MAKING THE DIES
Metal dies were used to stamp the types into the flans. Relatively few ancient
dies have been found, and many of these were probably forgeries, since official
dies were often destroyed so that they could not be used illicitly when
they became too worn or when a change in types demanded that new dies be
cut. Yet enough evidence exists from ancient and medieval dies, from the
coins themselves, and from modern experiments, to allow us to describe dies
with some confidence.
Although iron is harder than bronze, hardened bronze is hard enough to strike
even bronze coins, and evidence indicates that bronze containing a relatively
high percentage of tin was the preferred material for dies. Iron dies were
sometimes used, however; marks on some Syracusan coins indicate that they
were struck with rusty dies, and a sixth-century A.D. iron die is preserved.
Since with rare exceptions the images on ancient coins are in relief, the
images on the dies are inset and reversed, the negative and mirror images
of what is depicted on the coins. As difficult as this may seem to do by
hand with little or no magnification, the Greeks had a long history of cutting
stone seals, which required very similar technique and artistry. The tools
used to engrave the dies included iron or perhaps even steel burins and
small chisels to remove metal from the face of the die, punches to impress
an image into the face of the die, and perhaps simple bow drills, tipped
with corundum or other abrasive, to drill into the die face.
At times great artistry went into the die-cutting; in some instances dies
were even signed by their artists, as was the case with the remarkable coins
of Classical Sicily (see nos. 9, 11,
and 16). Dies with simple types in low
relief could be cut in less than an hour, yet the job could be quite time-consuming;
it took a nineteenth-century counterfeiter 18 hours to copy the die for
a coin from Akragas (see no. 8, a similar
In striking a coin two dies, an obverse and a reverse, were usually employed.
The obverse or lower die would have been set into an anvil, often a block
of wood. The upper, reverse die was loose, and could take a variety of different
forms. The type could be cut directly into the end of a short rod, cylinder,
or pyramidal piece of metal, but most often the die proper was simply a
short segment or disk of bronze inserted into a punch or collar made of
iron. The whole punch, with the reverse die attached, was probably only
about two to three inches long.
In ancient coins the lower or obverse die was almost always used to stamp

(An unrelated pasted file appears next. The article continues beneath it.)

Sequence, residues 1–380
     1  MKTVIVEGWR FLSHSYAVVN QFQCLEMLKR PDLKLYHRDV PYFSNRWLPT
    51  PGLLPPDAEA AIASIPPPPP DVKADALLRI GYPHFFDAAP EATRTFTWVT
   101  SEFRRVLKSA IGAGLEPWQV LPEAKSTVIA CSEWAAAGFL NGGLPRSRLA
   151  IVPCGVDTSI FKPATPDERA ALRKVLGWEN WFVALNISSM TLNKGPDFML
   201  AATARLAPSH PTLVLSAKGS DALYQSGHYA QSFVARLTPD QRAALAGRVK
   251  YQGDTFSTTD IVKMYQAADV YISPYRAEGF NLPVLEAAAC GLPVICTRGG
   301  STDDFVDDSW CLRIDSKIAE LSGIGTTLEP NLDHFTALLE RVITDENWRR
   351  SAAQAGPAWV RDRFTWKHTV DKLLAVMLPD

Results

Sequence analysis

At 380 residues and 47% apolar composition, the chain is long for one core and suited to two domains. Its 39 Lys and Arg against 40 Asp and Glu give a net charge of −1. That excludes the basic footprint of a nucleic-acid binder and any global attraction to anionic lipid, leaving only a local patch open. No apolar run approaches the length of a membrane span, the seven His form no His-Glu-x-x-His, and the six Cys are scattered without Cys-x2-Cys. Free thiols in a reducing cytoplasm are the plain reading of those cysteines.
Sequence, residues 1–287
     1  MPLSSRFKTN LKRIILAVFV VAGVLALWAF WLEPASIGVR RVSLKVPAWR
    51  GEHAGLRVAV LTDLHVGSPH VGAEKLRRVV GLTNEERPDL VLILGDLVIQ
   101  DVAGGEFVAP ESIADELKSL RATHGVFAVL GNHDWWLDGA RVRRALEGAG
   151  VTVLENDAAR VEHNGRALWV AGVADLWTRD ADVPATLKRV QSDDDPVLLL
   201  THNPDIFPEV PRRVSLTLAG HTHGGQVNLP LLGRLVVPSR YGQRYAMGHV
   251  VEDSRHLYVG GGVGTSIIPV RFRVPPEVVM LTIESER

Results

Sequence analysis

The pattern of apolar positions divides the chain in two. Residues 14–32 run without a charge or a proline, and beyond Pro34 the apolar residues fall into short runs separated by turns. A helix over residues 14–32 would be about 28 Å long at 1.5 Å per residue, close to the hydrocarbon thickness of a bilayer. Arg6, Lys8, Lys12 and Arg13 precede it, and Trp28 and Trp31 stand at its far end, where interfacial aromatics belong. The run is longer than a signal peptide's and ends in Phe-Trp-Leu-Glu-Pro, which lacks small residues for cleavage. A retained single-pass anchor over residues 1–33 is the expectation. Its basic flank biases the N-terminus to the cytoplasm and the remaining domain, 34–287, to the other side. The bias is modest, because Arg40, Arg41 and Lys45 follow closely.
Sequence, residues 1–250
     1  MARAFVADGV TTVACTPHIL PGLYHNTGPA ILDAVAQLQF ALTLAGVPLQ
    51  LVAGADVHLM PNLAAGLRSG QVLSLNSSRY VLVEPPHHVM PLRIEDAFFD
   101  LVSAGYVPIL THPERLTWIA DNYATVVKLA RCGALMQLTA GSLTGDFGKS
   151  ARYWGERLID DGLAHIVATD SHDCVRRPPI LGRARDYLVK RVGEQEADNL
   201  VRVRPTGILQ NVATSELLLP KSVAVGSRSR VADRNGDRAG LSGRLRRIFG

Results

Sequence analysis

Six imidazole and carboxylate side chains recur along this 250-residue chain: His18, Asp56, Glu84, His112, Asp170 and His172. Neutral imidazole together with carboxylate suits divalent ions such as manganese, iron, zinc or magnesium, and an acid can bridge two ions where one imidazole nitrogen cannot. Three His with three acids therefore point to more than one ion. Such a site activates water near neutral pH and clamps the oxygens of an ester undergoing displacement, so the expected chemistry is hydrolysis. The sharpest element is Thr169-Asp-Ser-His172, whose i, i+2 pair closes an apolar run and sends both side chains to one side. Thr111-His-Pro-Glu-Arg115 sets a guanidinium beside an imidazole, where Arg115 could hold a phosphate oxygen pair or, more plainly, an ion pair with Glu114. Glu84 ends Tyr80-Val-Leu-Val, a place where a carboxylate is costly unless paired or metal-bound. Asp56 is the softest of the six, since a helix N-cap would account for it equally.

the principal face of the coin, usually depicting the head of a deity or
ruler. It was preferable to carve the deeper and more intricate image into
the lower die (see nos. 9, 17,
and 25), since it was placed within
an anvil and was therefore better protected, wore down less quickly, and
suffered less damage than the upper die, which received direct hammer blows
during the striking. It should be noted that in general use, the term "obverse"
usually designates the principal side of the coin, our "heads,"
regardless of whether it was made with the lower die.
The number of coins that could be struck from a die before it had to be
replaced varied considerably, owing to a number of factors: metal composiiton,
size of coin, and depth of relief. Smaller dies and dies with shallower
relief lasted longer. Modern experiments suggest that an obverse die could
strike about 15,000 acceptable coins, a reverse die only about half as many.
Often, however, more than two reverses were used with an obverse die, since
dies were often replaced before they wore out. Ancient dies were also often
partially recut or altered, both to repair small flaws or cracks that might
develop in the die face and to change or add inscriptions. Sometimes damaged
dies continued in use (see no. 16).
The lifespan of dies was dependent on the number of coins struck. Dies at
smaller mints were often used for three to five years. In the busy mint
of Hellenistic Athens, an obverse lasted for three to five months. And during
some peak periods of minting in Roman times, a die might have lasted only
STRIKING THE COINS (Continues...)
| [Bearers of Meaning] | [Contents]
| [Essays] | [Catalogue]
All contents copyright (c) 1996.
All rights reserved.